The star of this easy noodle bowl is the miso-ginger peanut sauce. Its savoy, tangy flavor is perfect against sweet mango, bright lime & fresh mint.
A few weeks ago, while I was making a list of potential upcoming summer recipes, I asked Jack, “Hey, what’s a recipe you really want me to make?” In the past, answers to questions like that have been “Pretzels!” or “Pizza!” but this time it was “An Asian noodle salad.” I asked if he could be more specific, but he said, “I just really really love noodles – you know, when they’re tossed in an Asian-y kind of dressing.” Not a huge help, but at least it was something.
So on a Monday when I felt I could use a little reset after weekend-eating, his idea (with a ginger-y sauce) sounded pretty good. This recipe is not an authentic version of anything, but when I got around to making said “Asian noodle salad,” this was what I happened to have: a bunch of cucumbers, a ripe mango, a few limes, a jalapeño, and a bunch of mint. At first, I wanted to add peppers, cabbage, and everything colorful, but then I realized that I could make something delicious without tossing in the kitchen sink.
The tangy miso-peanut sauce is the real star – it’s also become a go-to recipe lately because its ingredients are so easy to keep on hand. Miso paste lasts about 1 year in the fridge, and I store my fresh ginger in the freezer. Peanut butter, garlic, and limes are all regulars around here.
The second time I made this recipe, I served it to my family and added tofu on top to make it a bigger meal – the tofu is not pictured here, but I’ve included a recipe below. This recipe serves 3 on its own or 4 if you add the tofu (or whatever protein you like – chicken, shrimp, salmon, etc).
If you don’t have vermicelli rice noodles, brown rice stir fry noodles (the flat, thicker noodles) work well here. Pasta would also be fine in a pinch.
Do you love noodles too? Try this soba noodle bowl, these yummy shiitake soba noodles, or these easy peanut noodles.
Cucumber Mango Miso Noodle Bowl
- 6 ounces rice vermicelli noodles (or any noodle you like)
- 4 Persian cucumbers or 1 large English cucumber, thinly sliced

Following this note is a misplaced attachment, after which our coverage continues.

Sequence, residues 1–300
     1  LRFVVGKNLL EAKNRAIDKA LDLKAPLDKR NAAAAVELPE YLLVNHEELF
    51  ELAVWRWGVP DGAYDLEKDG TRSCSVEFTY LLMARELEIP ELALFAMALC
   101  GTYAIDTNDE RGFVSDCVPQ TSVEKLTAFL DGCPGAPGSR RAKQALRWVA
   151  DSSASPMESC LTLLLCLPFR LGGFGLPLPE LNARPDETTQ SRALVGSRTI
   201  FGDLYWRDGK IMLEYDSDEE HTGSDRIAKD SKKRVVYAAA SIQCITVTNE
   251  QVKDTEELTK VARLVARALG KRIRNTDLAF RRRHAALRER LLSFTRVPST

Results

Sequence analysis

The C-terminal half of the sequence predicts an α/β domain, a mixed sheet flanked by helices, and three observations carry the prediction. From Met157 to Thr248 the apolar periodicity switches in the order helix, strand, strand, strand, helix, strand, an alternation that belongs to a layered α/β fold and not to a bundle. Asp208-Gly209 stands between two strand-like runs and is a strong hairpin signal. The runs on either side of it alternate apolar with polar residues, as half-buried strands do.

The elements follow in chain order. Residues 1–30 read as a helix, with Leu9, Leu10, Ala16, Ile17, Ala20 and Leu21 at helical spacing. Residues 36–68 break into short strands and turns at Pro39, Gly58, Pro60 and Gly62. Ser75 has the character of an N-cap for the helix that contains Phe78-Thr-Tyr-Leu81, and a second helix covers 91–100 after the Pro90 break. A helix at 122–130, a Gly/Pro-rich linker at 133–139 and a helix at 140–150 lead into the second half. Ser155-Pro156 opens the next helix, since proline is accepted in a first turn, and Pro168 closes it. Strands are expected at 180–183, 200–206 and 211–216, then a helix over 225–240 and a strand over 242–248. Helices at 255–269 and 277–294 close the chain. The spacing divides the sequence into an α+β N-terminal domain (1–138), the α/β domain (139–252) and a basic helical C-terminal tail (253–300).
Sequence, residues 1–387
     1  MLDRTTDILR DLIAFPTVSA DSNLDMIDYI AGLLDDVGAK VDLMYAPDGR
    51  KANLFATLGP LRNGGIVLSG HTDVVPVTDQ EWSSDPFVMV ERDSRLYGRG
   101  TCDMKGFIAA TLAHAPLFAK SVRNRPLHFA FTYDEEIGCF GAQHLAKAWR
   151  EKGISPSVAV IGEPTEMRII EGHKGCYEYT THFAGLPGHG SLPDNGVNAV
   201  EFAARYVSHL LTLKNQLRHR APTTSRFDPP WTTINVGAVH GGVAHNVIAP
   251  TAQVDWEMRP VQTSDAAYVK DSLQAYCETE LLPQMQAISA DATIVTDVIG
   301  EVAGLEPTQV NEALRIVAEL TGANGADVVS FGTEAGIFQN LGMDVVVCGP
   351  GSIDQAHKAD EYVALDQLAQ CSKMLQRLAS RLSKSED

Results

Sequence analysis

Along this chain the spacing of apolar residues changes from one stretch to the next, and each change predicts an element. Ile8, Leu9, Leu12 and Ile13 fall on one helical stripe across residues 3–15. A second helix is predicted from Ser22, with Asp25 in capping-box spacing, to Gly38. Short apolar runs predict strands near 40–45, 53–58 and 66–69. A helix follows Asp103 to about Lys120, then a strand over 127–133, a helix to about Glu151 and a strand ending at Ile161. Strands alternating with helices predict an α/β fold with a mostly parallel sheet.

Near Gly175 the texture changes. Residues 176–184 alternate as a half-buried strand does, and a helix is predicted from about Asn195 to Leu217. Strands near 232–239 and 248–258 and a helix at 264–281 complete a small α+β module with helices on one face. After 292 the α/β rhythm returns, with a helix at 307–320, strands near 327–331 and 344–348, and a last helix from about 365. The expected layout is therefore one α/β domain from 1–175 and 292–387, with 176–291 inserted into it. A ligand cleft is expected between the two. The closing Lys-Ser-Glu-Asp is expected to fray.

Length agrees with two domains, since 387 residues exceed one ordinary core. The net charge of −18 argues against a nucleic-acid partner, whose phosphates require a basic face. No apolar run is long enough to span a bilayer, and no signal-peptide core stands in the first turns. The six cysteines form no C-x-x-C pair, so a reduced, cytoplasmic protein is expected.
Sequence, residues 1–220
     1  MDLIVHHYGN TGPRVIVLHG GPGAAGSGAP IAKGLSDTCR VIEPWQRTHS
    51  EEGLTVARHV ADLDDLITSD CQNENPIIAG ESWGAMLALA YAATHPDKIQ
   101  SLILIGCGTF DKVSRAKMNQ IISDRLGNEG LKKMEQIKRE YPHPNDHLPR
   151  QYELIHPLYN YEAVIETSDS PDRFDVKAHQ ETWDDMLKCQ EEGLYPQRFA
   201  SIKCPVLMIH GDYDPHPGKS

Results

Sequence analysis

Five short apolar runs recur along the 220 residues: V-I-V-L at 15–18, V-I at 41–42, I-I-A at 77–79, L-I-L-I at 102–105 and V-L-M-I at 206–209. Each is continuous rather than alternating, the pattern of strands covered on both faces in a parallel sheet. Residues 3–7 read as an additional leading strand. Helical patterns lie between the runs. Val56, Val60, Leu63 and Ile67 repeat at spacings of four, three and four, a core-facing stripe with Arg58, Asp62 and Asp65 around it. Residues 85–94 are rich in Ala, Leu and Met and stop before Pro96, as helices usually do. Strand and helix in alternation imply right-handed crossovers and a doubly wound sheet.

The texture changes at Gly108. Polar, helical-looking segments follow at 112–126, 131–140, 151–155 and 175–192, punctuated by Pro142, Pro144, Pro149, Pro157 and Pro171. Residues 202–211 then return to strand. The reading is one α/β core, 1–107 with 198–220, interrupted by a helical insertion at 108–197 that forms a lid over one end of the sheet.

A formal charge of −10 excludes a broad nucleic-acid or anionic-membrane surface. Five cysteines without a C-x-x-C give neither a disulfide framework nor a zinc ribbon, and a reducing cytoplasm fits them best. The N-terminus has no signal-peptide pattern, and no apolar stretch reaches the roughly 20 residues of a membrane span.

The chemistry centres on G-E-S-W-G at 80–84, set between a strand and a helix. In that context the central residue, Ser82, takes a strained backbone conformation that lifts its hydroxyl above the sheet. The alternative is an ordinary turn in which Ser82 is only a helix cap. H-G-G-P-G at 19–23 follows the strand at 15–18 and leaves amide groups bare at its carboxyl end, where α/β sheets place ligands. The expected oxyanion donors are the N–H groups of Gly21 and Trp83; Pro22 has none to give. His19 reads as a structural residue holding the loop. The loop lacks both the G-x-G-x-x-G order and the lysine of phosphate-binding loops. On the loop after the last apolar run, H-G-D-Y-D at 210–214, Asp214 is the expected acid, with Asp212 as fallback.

- ¼ cup chopped scallions
- 1 ripe mango, diced
- ½ jalapeño pepper, thinly sliced or minced
- 5 lime slices (1 for squeezing, 4 for serving)
- Extra-virgin olive oil or sesame oil, for drizzling
- ⅓ cup chopped cashews, toasted
- ¼ cup torn mint
- Sea salt
- Protein of choice, or (see baked tofu recipe below)
- 3 tablespoons peanut butter
- 1 tablespoon white miso paste
- 1 tablespoon minced fresh ginger
- 1 garlic clove, minced
- 1½ tablespoons fresh lime juice
- 2 to 4 tablespoons warm water
- Make the peanut-miso sauce: In a small bowl, whisk together the peanut butter, miso paste, ginger, garlic, and lime juice. Whisk in the warm water, as needed, until the sauce is a drizzable consistency. Set aside.
- Combine the cucumbers, scallions, mango, and jalapeño in a bowl with a few pinches of salt and a squeeze of lime. Toss and set aside.
- Cook the rice noodles according to the package directions. Drain and rinse under cold water. Toss with a bit of olive oil or sesame oil to keep the noodles from sticking together.
- Assemble bowls with the rice noodles, cucumber mixture, cashews, mint, generous drizzles of the peanut-miso sauce, and tofu, if using. Serve with lime slices and extra sauce on the side.
14 ounces extra-firm tofu
extra-virgin olive oil, for drizzling
tamari, for drizzling
sea salt and freshly ground black pepper
sriracha, for drizzling
Preheat the oven to 400°F and line a large baking sheet with parchment paper. Pat the tofu dry and cut into 1-inch cubes. Place on the baking sheet and toss with drizzles of olive oil, tamari and pinches of salt and pepper. Bake for 17 to 20 minutes, or until golden brown around the edges. Remove from the oven, toss the tofu lightly with sriracha, and return it to the oven for 2 more minutes.
This recipe is a staple I make at least once a month. It truly never fails!
I’m so glad you’ve loved it!